During one of my strolls through the Seacoast Eat Local Winter Farmers Market, I overheard a woman say to her husband “Can you believe they want five dollars for a dozen eggs? I can get the same eggs at Wal*Mart for ninety-nine cents. There’s nothing here for us.”
I’ve thought about this comment a lot since I overheard it. At first, I was incensed. I got up on my green moral high horse and thought to myself “those eggs at Wal*Mart are not the same eggs! They’re old eggs! They are practically rotten. The chickens involved were bio-engineered to live in cages; they had their beaks cut off and they crapped all over the chickens around them for lack of space.”
Some people don’t care about eating old, crapped-on eggs. They care about ninety-nine cent eggs. I’m not going to change their minds with anecdotal evidence about happy chickens frolicking peacefully in verdant pastures.
I started to feel guilty about buying expensive eggs. I decided that each time I bought eggs or got them from my CSA, I’d get some extra eggs and give them to my neighbor who makes soup for me. It was the old “eggs as penance” routine. I have not earned my way into egg-heaven yet, but I continue with this practice.
More recently, I’ve tried to find articles which document the true cost of food at local farmers markets. Many of these articles used the green moral high horse argument when there was no objective data to support the cost argument. This reasoned article by Barry Estabrook provides links to a study done in 2011 which included actual data instead of feelings and anecdotal evidence. The comments are interesting, too. It was the best of the lot of articles I could find.
I did my own on-line research and concluded that the one food item I compared, organic carrots, was the same price at both the local Hannaford grocery store and the Winter Market if I bought them from Brookford Farm in a twenty pound bag.
They key word is “organic.” Commercially grown non-organic carrots can be purchased at fifty cents per pound versus the “organic” carrot which is almost two dollars per pound.
I like carrots. When I don’t have carrots in my refrigerator, I worry. From having tried to grow them myself, I know how much work is involved in planting, thinning, and weeding. Producing organic carrots on a commercial scale is difficult as well as costly. Weeds are a fierce competitor and when the carrot top starts growing above the ground, hand weeding is still sometimes required. Weeds and carrot tops look alike and the first ten weeks after the carrot germinates is critical to growth.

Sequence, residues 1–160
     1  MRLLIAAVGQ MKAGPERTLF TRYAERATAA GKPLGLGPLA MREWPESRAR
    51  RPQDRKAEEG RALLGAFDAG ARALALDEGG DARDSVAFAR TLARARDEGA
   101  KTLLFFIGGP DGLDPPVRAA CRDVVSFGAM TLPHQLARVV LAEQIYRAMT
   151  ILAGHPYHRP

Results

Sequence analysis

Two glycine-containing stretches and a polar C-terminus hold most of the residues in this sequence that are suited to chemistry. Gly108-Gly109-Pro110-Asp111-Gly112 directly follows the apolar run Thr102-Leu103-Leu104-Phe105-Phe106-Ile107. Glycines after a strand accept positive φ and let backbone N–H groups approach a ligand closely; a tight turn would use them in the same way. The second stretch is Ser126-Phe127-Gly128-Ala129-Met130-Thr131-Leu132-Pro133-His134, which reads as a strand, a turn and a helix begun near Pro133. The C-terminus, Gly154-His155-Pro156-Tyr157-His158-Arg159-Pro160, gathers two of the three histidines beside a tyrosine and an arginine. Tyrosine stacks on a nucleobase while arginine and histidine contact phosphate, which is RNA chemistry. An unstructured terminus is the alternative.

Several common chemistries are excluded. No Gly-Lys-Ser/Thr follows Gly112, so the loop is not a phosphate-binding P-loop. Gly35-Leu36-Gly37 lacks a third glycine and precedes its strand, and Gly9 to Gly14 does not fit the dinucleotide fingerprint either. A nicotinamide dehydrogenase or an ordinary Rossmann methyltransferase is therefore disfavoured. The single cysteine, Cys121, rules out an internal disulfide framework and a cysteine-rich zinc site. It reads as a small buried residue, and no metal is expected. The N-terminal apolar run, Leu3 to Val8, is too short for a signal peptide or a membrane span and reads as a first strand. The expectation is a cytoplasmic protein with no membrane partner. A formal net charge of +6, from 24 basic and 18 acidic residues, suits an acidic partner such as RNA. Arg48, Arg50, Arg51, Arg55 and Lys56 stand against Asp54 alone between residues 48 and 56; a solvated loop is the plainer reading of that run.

Growing organic carrots is more complicated than growing non-organic carrots because the organic farmer has to use untreated seed. Commercial non-organic carrot growers can use chemically treated seed, which reduces weeds, pests and diseases. The likelihood of pests and diseases in organically grown carrots rises exponentially.
I want to grow my own organic carrots, but I have to be realistic. I work a day job, I write a blog, I volunteer in my current community, and I volunteer in my hometown. I am not a farmer. Uncle Bob is not emotional about carrots and while he might tolerate one season of experimentation with a row of carrots, I’ve already decided our experimental row will be peas this year. I get one experiment per year with Uncle Bob and this will not be the year he babysits a row of carrots for me.
As much as I’d like everyone to support local farmers, I don’t think it’s going to happen if I base my argument solely on price. A price shopper is never going to buy five dollar eggs when they can get ninety-nine cent eggs. A price shopper may not care about carrots at all.
It’s possible that the only orange foods some people ever willingly eat are Pepperidge Farm Goldfish and I have no argument that will compel them to buy five dollar eggs and forty dollar carrots.
This is a puzzling problem while ninety-nine cent eggs are still available at Wal*Mart. Just like modern commercial agriculture, I’m going to rely on science fiction to gracefully extricate myself from today’s post.